Herb’s Blog, Herbdate 22146 – 718:
You may recall the post I wrote about the Communist Chinese using the Uighur Muslims as slave labor making name brand products. That post is here. In that post, I told you about a bill by Sen Hawley (D-MO) which is listed in the above title. I wrote to the two senators from my state asking them to endorse this bill. I received a canned response, which I expected to be followed by a more personalized response. I received one personal response, which came on Tuesday, from Senator Cory Gardner (R-CO) in which he did not address Senator Hawley’s Bill, which was only introduced in the Senate on July 21, 2020. He did talk about human rights issues in China and the work that he and Senator Edward Markey (D-MA) worked on to address several issues and work with our allies in the Indo-Pacific region, promoting Democracy and addressing human rights. S.2736 – Asia Reassurance Initiative Act of 2018 looks good but I think I will still watch Sen. Hawley’s bill as well.
| Dear Mr. Thiel, Thank you for contacting me regarding human rights. I appreciate you taking the time to write. It is an honor to serve you in the United States Senate and I hope you will continue to write with your thoughts and ideas on moving our country forward.Respect for fundamental human rights should be a cornerstone of U.S. foreign policy. As a member of the Senate Foreign Relations Committee and Chairman of the Subcommittee on East Asia, the Pacific, and International Cybersecurity Policy, I have worked with my colleagues to continue this advocacy and condemn human rights violations all over the world including chemical weapons attacks in Syria, deadly violence against gay men in Chechnya, and the murder and starvation of civilians in North Korea, among others.On December 31, 2018, President Trump signed into law the Asia Reassurance Initiative Act (ARIA), bipartisan legislation that I authored with Senator Edward Markey (D-MA). ARIA requires that the United States government actively promote democracy, human rights, and the rule of law in the Indo-Pacific region and authorizes over $1 billion over 5 years for these efforts. Rest assured, I will continue to use tools at my disposal to advance human rights around the globe.Again, thank you for contacting me, and do not hesitate to do so again when an issue is important to you. Sincerely,|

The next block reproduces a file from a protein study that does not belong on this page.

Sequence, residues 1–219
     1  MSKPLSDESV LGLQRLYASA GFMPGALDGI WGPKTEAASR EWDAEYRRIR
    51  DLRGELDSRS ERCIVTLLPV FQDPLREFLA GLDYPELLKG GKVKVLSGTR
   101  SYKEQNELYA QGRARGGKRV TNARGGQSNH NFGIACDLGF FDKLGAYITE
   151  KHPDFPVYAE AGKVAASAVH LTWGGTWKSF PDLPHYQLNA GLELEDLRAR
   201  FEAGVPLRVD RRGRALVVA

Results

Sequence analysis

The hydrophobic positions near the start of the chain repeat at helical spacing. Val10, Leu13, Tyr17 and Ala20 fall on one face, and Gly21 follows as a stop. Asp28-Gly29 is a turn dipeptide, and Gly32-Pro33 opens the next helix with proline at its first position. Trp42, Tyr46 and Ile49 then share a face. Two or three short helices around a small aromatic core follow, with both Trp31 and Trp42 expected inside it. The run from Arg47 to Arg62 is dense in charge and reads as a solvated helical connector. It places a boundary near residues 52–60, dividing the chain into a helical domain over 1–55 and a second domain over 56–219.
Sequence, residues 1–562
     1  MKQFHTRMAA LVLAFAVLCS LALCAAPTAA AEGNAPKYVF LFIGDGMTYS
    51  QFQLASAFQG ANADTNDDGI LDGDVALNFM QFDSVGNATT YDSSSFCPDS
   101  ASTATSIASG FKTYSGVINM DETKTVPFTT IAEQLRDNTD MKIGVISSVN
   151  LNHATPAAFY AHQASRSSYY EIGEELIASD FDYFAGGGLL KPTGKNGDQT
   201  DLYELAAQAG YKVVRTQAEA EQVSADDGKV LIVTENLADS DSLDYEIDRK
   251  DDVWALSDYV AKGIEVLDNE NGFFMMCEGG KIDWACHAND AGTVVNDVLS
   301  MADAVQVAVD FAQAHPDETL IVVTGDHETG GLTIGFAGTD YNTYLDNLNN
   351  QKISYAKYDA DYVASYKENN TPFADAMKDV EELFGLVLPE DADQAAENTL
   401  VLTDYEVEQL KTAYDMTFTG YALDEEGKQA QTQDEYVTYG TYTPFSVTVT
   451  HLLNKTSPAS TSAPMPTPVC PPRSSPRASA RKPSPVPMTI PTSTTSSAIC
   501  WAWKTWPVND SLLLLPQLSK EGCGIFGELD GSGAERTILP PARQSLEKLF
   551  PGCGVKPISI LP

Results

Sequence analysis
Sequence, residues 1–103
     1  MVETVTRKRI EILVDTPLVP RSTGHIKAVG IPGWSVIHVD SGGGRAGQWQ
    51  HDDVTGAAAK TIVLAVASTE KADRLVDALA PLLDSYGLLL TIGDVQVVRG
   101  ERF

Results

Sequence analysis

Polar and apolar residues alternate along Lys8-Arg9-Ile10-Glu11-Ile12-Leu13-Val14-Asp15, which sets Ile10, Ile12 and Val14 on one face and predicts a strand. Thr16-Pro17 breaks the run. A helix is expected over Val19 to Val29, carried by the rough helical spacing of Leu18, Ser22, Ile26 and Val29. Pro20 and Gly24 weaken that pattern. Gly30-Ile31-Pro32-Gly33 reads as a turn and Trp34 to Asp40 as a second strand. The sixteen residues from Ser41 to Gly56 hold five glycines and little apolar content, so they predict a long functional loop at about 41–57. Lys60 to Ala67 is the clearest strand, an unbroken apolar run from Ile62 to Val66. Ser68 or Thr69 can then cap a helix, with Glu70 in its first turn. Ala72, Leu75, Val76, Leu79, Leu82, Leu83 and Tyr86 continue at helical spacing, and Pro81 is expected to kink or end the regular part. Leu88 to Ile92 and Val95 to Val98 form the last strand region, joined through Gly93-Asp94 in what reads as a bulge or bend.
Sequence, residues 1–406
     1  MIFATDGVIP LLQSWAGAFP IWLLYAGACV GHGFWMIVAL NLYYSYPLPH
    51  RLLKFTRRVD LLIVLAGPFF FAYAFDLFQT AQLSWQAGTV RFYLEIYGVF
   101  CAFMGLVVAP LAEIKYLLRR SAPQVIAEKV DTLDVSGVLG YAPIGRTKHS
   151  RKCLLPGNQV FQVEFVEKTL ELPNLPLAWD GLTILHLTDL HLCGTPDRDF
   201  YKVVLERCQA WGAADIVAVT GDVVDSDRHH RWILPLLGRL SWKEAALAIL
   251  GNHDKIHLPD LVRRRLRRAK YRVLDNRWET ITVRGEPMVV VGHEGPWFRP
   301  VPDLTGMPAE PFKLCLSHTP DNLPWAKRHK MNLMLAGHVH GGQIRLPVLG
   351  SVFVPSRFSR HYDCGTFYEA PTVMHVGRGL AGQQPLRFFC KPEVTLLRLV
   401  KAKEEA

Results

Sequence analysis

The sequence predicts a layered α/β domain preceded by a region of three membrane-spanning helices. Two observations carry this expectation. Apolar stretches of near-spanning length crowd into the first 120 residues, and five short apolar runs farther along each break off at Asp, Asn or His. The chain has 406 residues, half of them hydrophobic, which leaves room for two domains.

United States Senator
It’s good to see some words about human rights in general, but there was no focus on the slavery issue in particular. The letter looks like boilerplate I receive from my Senator, Ben Sasse.
The problem is how easily so many US companies export jobs they absolutely know will be done in this manner. They absolutely know. I worked for a very well known Maine company that pretended as if it didn’t, but of course it did. They wouldn’t have exported those jobs if they didn’t know they could get it done cheaply, and they would be fool to not know how that was achieved. On the one hand it gives these people jobs. On the other, it’s completely unregulated. We do a poor enough job here not exploiting workers when given half a chance. This whole system needs overhauling. We keep trying to say “socialism will fix it!” But of course it wouldn’t. It would just make the exploitation look different. People with unfettered power will always abuse it. That’s the problem. Inequality is inevitable. But it doesn’t have to be barbaric. Those people at the bottom deserve a decent living. If you work, you should be able to make a living. That ought to be the whole point. Too many people at the top and of course the middle think the point is to mark extreme disparities in living conditions. “If you work hard enough you can be like us!” Which is just not true except with exceptions. So stop selling it that way.
Yes and the articles I connected to in the original post detail a lot of what is going on but it takes a long time for anything to get traction. Sen. Hawley’s bill would be a good start.
Slave labor is cheap. There’s a lot of money going to make sure it’s still a viable option. That’s my suspicion.
I agree with you. I’m sure even discussing it is considered impolitic in some circles.
I’m tuned into politics enough to know that Mr. Gardner is fighting for his life to hang onto that seat. One would think that taking a stand against slavery would be an easy political win, which he badly needs? Or is it more important to keep the sponsors happy?
Maybe the folks in Hollywood will help you. Hmm…
Perhaps. When they’re not doing a Nike commercial.